The Inner Mansions

Album Review of The Inner Mansions by Teen Daze.

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The Inner Mansions

Teen Daze

The Inner Mansions by Teen Daze

Release Date: Nov 6, 2012
Record label: Lefse Records
Genre(s): Pop/Rock

61 Music Critic Score
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The Inner Mansions - Fairly Good, Based on 6 Critics

Filter - 79
Based on rating 79%%

Gaze deep into the cover art for Teen Daze’s The Inner Mansions. In the thick of the forest, a gleaming white monolith stands untouched by the dirt of nature around it. Within his sophomore LP, Vancouver producer Jamison almost immerses himself in the world of electronic pop, but he refuses to truly dive deep into the visceral world and instead keeps his music cerebral.

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AllMusic - 70
Based on rating 7/10

While producer Jamison's first two Teen Daze releases, the EP A Silent Planet and the full-length All of Us, Together were inspired by literary works, he looks inward on his second album, examining love and spirituality. Even though The Inner Mansions has a title that sounds just as bookish as his other work, and these songs aren't any more literal than the atmospheric synth pop of his previous music, they do have a more emotive, more compelling feel than the utopian ideals that fueled All of Us, Together. The newfound depth and scope -- not to mention more focused melodies and songwriting -- on tracks such as "New Life" and "Divided Loyalties" recall a homespun version of M83's widescreen romanticism.

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The Boston Phoenix - 60
Based on rating 3/5

A band name like Teen Daze brings to mind buzzwords like chillwave, fuzz rock and dream pop. In many ways, these descriptors are dead on. Teen Daze, aka 20-something BC native Jamison, employs soft vocals, ethereal synths and hazy samples. But The Inner Mansions is much more interesting than your typical bedroom pop album.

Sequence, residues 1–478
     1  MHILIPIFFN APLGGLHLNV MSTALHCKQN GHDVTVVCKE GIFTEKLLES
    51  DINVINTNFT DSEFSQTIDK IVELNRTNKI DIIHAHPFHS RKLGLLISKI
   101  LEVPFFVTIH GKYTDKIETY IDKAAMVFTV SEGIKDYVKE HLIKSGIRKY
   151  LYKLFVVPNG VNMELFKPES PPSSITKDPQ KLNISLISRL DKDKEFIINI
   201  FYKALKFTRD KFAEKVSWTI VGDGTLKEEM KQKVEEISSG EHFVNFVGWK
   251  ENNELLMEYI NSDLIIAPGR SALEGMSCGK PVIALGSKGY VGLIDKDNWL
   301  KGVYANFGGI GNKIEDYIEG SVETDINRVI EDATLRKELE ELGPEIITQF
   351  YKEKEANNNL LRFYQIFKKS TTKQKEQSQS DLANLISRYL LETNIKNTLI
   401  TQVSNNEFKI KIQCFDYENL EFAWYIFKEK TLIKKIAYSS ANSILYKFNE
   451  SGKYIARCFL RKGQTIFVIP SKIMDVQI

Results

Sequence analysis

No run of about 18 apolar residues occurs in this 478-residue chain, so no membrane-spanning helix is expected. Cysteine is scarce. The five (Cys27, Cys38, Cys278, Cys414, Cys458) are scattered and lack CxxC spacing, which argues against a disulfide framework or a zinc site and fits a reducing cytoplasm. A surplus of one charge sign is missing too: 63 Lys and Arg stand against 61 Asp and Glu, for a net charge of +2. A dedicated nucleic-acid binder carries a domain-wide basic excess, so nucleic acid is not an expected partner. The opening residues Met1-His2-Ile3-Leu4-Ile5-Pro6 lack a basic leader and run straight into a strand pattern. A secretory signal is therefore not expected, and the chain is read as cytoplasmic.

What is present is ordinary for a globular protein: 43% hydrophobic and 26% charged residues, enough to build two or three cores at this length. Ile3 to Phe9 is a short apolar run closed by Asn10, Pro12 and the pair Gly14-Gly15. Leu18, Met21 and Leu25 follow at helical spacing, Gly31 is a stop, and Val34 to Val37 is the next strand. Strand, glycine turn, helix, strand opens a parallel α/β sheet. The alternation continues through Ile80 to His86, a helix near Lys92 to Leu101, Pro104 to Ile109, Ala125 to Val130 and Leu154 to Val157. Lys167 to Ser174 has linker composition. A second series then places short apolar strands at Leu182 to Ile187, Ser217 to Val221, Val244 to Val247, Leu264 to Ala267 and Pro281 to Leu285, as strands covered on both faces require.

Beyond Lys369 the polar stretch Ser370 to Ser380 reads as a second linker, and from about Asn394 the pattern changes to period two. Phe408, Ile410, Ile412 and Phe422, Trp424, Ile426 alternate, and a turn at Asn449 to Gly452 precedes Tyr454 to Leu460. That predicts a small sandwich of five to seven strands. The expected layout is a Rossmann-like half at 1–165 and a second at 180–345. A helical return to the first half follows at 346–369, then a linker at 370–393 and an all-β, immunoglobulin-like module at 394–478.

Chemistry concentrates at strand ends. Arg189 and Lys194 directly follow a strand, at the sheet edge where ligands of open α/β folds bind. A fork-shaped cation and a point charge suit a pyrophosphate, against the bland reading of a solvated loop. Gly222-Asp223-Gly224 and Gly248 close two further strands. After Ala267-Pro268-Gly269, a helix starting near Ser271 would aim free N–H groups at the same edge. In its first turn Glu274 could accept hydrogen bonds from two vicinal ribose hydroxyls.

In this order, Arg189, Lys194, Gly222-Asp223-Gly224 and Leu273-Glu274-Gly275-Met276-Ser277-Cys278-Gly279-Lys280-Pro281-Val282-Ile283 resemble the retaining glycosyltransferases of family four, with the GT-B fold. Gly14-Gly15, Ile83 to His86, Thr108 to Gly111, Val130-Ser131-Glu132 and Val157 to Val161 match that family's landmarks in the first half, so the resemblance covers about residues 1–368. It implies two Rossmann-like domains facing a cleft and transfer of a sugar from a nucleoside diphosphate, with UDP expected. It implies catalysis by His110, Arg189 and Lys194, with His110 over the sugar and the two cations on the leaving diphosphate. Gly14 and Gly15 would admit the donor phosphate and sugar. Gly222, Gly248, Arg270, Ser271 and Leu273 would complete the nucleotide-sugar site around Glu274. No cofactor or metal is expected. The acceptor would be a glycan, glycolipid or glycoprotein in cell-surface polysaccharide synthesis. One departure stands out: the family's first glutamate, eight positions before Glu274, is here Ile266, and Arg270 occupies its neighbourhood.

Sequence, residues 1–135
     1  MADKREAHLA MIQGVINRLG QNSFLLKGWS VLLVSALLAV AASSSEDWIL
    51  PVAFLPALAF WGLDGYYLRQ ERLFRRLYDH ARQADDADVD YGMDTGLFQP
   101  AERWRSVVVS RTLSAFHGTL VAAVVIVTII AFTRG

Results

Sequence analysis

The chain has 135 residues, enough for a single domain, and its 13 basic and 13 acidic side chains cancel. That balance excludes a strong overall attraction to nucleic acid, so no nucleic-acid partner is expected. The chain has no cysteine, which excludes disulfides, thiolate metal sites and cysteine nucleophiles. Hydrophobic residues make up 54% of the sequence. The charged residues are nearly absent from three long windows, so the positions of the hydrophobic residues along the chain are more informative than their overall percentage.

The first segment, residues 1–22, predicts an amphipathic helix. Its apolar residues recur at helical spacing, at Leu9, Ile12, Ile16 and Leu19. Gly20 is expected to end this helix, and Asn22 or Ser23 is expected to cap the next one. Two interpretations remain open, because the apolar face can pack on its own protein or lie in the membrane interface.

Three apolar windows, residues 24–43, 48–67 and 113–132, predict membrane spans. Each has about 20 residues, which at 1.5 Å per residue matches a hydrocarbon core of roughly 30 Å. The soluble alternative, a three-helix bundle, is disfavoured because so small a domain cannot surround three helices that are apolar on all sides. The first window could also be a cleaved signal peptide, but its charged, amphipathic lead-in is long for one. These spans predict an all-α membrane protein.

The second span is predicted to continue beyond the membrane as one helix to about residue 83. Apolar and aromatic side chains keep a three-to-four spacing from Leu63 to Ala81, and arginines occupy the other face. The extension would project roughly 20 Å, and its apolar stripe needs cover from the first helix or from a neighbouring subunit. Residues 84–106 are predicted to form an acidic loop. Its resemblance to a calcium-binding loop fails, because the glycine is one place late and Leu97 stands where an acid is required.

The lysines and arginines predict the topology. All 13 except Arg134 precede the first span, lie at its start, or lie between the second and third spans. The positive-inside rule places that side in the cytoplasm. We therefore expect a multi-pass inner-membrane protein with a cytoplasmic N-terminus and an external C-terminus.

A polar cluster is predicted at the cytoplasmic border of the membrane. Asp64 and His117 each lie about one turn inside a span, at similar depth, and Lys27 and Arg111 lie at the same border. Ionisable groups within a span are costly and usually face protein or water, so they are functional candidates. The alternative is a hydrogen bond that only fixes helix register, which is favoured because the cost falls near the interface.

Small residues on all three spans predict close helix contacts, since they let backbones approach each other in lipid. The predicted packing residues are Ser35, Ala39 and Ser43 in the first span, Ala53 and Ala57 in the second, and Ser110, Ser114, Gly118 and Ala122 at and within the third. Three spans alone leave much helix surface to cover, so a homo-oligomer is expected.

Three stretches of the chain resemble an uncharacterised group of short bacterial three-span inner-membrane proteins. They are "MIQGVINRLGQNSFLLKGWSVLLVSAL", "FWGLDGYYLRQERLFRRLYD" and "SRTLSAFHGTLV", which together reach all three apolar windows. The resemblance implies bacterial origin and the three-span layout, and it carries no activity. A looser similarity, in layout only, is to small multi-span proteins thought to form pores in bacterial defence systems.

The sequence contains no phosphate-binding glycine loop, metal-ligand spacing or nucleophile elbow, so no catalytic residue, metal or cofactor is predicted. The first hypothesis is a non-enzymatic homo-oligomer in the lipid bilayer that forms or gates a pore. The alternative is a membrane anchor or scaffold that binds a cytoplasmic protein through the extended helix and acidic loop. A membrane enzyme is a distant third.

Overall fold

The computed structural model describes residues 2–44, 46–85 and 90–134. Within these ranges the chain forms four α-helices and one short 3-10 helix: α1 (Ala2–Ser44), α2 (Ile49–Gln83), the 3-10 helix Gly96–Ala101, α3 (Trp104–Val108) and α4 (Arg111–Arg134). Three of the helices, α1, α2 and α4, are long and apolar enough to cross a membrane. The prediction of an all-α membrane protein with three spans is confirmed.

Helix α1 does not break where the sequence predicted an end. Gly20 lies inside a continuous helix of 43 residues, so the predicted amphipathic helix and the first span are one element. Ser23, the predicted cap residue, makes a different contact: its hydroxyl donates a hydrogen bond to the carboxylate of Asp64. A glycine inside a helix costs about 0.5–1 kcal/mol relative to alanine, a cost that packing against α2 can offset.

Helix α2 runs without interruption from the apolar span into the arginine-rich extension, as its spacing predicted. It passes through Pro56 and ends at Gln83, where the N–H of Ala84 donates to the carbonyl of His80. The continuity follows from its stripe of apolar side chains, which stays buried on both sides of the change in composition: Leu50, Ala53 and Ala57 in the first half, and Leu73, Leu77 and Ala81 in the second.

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Slant Magazine - 50
Based on rating 2.5/5

Chillwave often seems marred by the ease with which it can be proliferated by sloppy amateurs. Bedroom knob-twirlers with sequencers and halfway-decent recording programs don’t need to be intuitive producers or even actual musicians anymore, as they can rely on computers to do most of their heavy lifting. Canadian newcomer Teen Daze makes an effort to dispel that notion on The Inner Mansions, one of two albums he’s released this year that attempts to forge a path away from cut-and-paste music production.

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Consequence of Sound - 44
Based on rating C-

You don’t need to Google Teen Daze very deep to get the feeling that just by starting the project, Vancouver producer Jamison was playing with fire. For starters, he’s taken the stigmatic stance of actually being OK with “chillwave” as an apt descriptor for his sound, his moniker is a near-verbatim lift off an essential album to that movement, and, probably most suspiciously, The Inner Mansions is Teen Daze’s second LP of the year. Which, unless you believe Jamison already belongs to a class reserved for those who have proven their hold on the insane levels of talent and work ethic required to pull that off, would suggest bandwagoning.

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Their review was positive

Hailing from Vancouver, Jamison, aka Teen Daze, is one of the most stubbornly prolific laptop musicians to put out not one but two albums in 2012. His latest LP, The Inner Mansions, was released November 6 on Lefse. It is exactly the sort of dreamy, electronic, sparse sound that you’ve come to expect from chillwave complete with delicately processed vocals and the possibility of lulling you to sleep.

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